We took a daytrip out to Nantucket Island, Massachusetts yesterday even though the forecast called for a dreary day.  The weather surprised us, it started out warm and sunny and stayed pretty warm even when the clouds and drizzling rain rolled in. We just stayed few hours on the island, and so I only have some highlights to show you. I hope to go back and give you a much more thorough account soon. I had bought a two-for-one ferry ticket coupon early in the spring and thought I was being smart waiting until tourist season was over to go. Unfortunately, the ferry schedule is greatly reduced in the fall but once we arrived we were grateful for the opportunity to see Nantucket Village in this season. It was utterly charming, and the island was exuding a very peaceful and cozy atmosphere. We mostly walked around the village, but did venture down Orange St. and found a really great little cafe called The Green. We couldn’t believe how beautiful and well maintained every house we walked by was. I found an interesting article on development regulations in Nantucket which described it perfectly,

And everywhere, even right in the center of town, there is a sense of nature coming right into the architecture. There are gardens and hedges, and best of all there are all the flowers on trellises creeping right up the sides of the cottages.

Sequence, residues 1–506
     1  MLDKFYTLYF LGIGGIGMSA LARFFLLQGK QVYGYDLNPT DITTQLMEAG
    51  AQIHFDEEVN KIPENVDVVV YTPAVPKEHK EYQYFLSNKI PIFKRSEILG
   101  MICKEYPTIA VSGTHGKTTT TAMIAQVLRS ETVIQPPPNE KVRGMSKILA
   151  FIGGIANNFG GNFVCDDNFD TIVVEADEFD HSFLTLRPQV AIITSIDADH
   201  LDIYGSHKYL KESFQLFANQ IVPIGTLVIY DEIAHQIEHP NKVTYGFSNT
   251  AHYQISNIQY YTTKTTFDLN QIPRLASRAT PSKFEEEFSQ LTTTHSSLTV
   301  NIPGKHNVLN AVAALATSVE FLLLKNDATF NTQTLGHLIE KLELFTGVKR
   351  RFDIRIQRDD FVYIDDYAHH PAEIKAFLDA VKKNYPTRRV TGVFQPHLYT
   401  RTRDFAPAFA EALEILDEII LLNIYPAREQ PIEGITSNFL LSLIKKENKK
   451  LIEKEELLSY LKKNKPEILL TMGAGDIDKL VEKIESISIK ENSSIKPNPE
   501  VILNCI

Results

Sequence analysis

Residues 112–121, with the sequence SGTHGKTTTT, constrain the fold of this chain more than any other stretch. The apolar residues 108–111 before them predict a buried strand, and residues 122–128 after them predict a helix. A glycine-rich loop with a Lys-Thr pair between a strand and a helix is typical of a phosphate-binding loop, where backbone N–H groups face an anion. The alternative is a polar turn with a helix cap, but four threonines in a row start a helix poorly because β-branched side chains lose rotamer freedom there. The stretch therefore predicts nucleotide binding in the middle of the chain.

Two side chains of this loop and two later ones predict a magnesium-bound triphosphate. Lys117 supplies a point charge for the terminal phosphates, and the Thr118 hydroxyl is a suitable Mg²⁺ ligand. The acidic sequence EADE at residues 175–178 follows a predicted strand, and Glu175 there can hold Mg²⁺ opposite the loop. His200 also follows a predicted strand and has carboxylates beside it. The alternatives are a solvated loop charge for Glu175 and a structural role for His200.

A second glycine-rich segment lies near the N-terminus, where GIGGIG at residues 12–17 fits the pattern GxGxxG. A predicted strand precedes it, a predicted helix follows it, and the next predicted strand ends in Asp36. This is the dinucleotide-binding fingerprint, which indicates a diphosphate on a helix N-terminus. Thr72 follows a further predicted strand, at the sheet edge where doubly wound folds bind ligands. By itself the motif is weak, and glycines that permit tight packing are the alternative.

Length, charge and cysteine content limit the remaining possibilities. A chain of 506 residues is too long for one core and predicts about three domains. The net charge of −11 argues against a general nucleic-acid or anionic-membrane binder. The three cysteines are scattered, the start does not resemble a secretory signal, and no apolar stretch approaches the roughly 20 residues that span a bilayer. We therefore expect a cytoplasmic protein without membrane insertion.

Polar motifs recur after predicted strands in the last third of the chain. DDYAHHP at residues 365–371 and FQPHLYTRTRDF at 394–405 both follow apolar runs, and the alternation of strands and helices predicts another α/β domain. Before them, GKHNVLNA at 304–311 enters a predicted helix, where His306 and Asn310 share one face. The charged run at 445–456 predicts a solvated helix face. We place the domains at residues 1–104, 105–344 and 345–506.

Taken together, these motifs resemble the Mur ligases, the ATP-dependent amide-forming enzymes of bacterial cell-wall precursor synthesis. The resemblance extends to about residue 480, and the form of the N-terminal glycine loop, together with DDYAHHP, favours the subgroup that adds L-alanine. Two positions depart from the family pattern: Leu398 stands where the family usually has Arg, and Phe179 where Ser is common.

Strict building codes severely limit the options for home design, but it is what has helped preserve Nantucket’s distinctly New England architectural beauty for decades. As the article explains, so has a 2% tax on property sales for purchasing conservation land. Like Big Sur, these practices drive up real estate costs and make it almost impossible to find affordable housing on the island (the island’s master plan acknowledges that this is a major issue). But as a tourist, I don’t mind one bit. Walking around, I couldn’t help but notice all the little details that make Nantucket Village such a unique visual treat – the creative window boxes, the luxurious window dressing, peaks into the secret-garden-worthy backyards, and distinctive signs for local businesses. Even the gas pumps were kind of pretty. Here are some of those details;